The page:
When Coyne asks for the data as a researcher under standard research policies, somehow it now becomes a political FOI request... not what he asked for. When did a researcher requesting research data become an FOI matter? Do other researchers yell, "FOI!" when asked to release their data to other researchers?

    So, if someone asks for the data from a political position, the authors claim it's not a reasonable scientific request. When someone makes a reasonable scientific request for the data, they try to claim political factors must come into play. More game-playing, confusing the issue by treating political issues as scientific ones, and then turning around and treating scientific issues as political ones.
     
  13. Esther12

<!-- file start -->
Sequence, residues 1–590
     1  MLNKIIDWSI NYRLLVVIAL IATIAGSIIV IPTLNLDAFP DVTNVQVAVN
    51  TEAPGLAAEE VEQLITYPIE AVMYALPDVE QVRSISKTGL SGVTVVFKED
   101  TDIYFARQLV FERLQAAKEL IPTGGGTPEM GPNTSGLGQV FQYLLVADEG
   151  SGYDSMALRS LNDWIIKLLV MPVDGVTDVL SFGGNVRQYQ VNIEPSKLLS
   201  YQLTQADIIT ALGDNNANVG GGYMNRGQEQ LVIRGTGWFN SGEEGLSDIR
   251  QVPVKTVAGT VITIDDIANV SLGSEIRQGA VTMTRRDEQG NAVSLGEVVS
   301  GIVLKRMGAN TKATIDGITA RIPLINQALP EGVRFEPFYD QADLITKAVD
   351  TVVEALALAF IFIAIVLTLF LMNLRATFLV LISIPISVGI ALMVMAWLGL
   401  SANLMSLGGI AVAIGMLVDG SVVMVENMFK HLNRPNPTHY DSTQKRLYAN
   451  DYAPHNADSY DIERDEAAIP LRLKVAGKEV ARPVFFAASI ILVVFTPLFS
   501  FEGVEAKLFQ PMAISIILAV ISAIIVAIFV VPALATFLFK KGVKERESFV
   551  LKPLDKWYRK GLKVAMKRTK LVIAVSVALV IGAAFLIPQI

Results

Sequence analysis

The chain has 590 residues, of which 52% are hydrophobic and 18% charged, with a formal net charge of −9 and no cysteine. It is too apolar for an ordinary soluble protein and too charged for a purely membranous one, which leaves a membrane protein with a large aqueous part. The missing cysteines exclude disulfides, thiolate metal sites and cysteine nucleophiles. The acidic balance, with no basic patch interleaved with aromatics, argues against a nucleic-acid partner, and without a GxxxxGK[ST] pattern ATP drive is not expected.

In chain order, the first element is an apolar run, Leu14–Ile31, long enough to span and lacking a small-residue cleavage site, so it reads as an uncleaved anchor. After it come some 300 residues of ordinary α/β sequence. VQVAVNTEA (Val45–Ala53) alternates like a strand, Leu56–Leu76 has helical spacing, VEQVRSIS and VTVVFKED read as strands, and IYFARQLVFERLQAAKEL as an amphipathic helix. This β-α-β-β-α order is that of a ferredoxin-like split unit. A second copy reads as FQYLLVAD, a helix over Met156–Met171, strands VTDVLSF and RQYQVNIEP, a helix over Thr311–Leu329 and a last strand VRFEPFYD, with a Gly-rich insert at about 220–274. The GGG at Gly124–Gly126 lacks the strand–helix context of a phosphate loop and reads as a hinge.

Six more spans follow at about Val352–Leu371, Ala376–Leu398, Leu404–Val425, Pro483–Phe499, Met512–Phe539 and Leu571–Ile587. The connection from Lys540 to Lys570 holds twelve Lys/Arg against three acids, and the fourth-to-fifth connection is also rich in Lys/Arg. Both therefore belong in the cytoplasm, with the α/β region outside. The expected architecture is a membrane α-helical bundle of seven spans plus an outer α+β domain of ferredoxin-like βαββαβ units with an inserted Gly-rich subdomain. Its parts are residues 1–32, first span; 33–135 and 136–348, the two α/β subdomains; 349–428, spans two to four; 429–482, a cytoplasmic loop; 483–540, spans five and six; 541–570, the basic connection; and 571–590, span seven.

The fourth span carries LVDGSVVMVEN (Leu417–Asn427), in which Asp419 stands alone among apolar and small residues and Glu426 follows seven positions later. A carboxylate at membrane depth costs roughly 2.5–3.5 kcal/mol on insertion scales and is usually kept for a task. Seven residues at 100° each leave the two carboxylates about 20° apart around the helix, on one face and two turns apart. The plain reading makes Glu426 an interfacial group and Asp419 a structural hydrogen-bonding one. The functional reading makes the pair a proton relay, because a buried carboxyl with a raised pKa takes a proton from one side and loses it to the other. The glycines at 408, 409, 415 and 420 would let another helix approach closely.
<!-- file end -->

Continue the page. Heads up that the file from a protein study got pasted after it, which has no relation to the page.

Esther12 Senior Member

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    When did we first hear about them treating correspondence as FOI requests? It was a long time ago. I wonder how many of the FOI requests they've complained about were questions that were not expected to be treated as FOI requests?

    Even with them doing this, they've still not been able to generate an impressive total number of enquiries to complain about, or present as evidence of 'harassment'.
     
  14. biophile

    biophile Places I'd rather be.